When my daughter was little she didn’t keep secrets. She told me everything. Once when she was four, she told me that she and her friend snuck candy. She told me even though she knew she’d get in trouble for it. As she got older she began to sensor what she told me. She didn’t want to get in trouble and she didn’t want to hear my perspective on what she or a friend did, even if it wasn’t bad.
Over the years my daughter has shared past-kept secrets with me. When she was fourteen she shared with me the true extent of the bullying she experienced a few years earlier. Sometimes she’ll share a memory from when she was really little — like how she thought her imaginary friends were actually real, just microscopic and only she could see them. She told me she kept this secret because she didn’t want anyone else to know they were actually real and try to see them.
My daughter is sixteen now and she has lots of secrets — big ones and little ones. She has a vibrant, active social life. She has a car and a driver’s license. She is independent and on her own most of the time. When she comes home I want her to tell me everything. But she rarely does. If the mood is right she might share a few details about a party or some other activity she did, but I know the big stuff, the important stuff she mostly keeps inside.
I’ve noticed that eventually, my daughter will share things about her life with me. She shares her secrets once enough time has passed that I will no longer have a strong reaction — negative or positive. I get it. She wants to preserve her secrets, to keep them precious, like sterling silver pieces wrapped in thin felt, in the dark, away from the ozone and hydrogen that will tarnish them. She is still processing the experience herself, figuring out what it means to her, how it feels in her own body.
It’s smart. She knows that if she tells me I will have a feeling about it. It might just be the subtle reaction on my face. Or I might have a lecture to give or a personal experience of my own to share. Her secrets stay inside until she is ready to make them public, to hear the outside critique, the oohs and ahhs, the possible judgment and disappointment.
Recently my daughter shared a secret with me that surprised and shocked me. When she told me, I saw her from an angle I had not yet seen. In hearing her secret I felt like I knew her a little bit more but simultaneously realized that there is so much more that I do not know. There must be so many more secrets.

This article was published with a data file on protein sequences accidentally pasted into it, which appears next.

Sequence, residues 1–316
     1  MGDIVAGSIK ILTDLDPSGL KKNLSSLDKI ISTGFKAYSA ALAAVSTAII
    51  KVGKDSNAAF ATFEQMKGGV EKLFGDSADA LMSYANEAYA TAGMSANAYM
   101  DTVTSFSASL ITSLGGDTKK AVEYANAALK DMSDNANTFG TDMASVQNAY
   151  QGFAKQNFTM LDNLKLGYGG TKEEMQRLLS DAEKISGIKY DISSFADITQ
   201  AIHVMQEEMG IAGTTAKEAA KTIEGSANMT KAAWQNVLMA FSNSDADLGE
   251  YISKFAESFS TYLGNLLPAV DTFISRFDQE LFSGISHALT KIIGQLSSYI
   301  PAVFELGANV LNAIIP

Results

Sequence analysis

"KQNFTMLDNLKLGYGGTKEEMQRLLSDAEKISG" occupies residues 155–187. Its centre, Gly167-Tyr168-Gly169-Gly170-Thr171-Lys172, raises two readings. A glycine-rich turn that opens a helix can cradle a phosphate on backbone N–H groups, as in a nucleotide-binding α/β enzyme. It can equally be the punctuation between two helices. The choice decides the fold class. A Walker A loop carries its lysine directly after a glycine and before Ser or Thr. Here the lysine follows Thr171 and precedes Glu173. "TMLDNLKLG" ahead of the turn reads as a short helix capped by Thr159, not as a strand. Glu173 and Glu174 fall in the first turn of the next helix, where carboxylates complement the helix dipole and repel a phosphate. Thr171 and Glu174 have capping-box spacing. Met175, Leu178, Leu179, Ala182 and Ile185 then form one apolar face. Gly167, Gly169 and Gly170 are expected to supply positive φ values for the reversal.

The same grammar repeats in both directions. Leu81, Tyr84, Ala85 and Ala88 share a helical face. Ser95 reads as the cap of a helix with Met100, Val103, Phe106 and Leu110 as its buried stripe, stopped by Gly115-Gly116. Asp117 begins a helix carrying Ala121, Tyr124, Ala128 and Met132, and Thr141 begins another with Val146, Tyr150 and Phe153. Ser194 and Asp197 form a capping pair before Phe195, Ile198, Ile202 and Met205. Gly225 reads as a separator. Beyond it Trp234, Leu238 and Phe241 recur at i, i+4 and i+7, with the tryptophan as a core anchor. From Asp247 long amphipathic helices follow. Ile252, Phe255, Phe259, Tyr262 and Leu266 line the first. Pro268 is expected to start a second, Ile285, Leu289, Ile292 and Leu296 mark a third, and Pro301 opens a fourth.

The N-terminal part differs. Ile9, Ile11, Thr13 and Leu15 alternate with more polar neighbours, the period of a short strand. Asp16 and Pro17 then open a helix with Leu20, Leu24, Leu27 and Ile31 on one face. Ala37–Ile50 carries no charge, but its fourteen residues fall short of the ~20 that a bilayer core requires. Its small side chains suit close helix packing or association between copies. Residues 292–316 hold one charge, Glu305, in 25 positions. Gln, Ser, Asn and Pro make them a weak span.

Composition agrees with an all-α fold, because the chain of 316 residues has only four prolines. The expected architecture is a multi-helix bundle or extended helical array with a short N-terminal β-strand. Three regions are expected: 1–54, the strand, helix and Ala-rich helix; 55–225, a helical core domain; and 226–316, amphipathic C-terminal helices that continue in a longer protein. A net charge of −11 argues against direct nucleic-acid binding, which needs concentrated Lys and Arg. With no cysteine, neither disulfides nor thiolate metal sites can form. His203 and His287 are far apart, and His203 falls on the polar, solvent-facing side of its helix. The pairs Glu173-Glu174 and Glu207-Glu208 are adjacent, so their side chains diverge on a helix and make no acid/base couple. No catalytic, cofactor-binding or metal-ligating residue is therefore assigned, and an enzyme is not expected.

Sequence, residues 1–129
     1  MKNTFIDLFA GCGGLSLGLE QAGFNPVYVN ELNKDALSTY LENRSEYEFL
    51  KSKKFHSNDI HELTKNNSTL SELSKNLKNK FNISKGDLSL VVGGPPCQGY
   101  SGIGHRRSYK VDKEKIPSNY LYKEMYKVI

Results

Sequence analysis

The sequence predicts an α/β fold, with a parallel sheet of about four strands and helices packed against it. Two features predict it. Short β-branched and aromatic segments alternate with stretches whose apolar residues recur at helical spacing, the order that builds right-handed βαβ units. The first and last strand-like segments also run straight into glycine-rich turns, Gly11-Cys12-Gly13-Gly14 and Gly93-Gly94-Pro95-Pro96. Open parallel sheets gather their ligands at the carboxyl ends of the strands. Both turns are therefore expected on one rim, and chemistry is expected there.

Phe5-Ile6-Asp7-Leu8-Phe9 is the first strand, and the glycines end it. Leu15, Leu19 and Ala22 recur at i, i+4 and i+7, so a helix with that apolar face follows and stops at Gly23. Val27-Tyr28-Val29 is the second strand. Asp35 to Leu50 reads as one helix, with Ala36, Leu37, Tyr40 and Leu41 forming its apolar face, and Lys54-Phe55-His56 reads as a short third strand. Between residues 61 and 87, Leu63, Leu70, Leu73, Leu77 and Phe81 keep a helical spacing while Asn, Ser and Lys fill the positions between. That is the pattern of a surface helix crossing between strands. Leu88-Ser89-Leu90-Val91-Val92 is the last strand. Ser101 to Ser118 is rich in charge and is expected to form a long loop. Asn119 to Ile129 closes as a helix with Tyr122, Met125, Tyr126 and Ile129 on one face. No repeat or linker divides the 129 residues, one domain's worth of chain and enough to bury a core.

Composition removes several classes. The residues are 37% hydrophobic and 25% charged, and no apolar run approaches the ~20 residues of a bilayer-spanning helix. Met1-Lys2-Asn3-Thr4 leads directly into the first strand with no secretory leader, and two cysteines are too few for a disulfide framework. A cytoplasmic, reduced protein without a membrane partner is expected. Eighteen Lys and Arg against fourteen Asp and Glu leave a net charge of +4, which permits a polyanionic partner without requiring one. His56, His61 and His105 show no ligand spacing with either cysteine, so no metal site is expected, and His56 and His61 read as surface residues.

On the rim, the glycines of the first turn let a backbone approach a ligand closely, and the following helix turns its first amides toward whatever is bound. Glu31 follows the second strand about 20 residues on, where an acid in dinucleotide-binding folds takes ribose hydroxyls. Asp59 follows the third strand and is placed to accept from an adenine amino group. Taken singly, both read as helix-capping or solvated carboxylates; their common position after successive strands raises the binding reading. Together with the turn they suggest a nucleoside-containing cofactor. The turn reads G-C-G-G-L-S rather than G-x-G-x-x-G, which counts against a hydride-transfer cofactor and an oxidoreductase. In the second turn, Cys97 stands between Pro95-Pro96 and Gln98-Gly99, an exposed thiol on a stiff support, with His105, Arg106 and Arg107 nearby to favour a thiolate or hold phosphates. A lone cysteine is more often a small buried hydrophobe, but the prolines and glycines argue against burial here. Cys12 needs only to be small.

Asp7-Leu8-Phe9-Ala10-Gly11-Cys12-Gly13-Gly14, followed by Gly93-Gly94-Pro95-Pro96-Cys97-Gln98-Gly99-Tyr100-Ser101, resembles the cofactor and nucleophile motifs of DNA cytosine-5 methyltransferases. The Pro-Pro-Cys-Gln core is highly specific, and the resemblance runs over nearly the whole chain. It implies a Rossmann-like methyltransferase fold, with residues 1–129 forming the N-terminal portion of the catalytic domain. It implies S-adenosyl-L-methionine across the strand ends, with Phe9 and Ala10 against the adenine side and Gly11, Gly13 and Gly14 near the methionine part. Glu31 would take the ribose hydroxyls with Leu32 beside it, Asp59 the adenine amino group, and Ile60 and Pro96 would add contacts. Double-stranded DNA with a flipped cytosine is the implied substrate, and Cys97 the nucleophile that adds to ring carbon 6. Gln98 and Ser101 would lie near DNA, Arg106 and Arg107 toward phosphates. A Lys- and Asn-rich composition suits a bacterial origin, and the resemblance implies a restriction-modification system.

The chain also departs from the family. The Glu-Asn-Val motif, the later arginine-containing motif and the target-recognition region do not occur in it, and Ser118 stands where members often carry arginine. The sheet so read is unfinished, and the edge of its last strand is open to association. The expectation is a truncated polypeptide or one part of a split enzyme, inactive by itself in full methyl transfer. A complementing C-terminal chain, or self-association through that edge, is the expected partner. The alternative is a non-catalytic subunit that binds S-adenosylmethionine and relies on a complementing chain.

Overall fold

In the moment after my daughter shared her secret, I felt closer to her. I felt happy and grateful that she had shared it with me. But I also felt the sense that I knew her a little bit less. With every secret my daughter holds onto, mulls over, churns around inside, with her friends, in her own mind, she is coming to know herself a little bit more.
As my daughter’s sense of knowing herself grows, so too does my sense of unknowing her. I think this is the point. In the old days when my daughter told me everything, I was in charge of her life. I made all the decisions. I planned all the activities. I was always there to moderate playdates and meltdowns.
But that’s not my role anymore. My daughter has to figure out most of that stuff on her own. She has to build her own interiority of wisdom that she can draw from to navigate her life. This begins with her secrets, the life experiences she holds, processes, deciphers on her own before she lets them out for review from me or anyone else.
When my daughter shares a secret it is like she is making a little crack in the armor — I can see inside just a tiny bit, a glimmer of light shining from inside out. I want to get a knife and wedge my way in, to make the crack bigger so I can see more, know more.
This longing is familiar. It comes with being a parent of a teenager. Standing outside trying to look in, there is so much more I want to know. But I know that this is part of the process — my unknowing of my daughter becomes her knowing of herself. I know she will share her secrets when she is ready, but for now, they are all hers.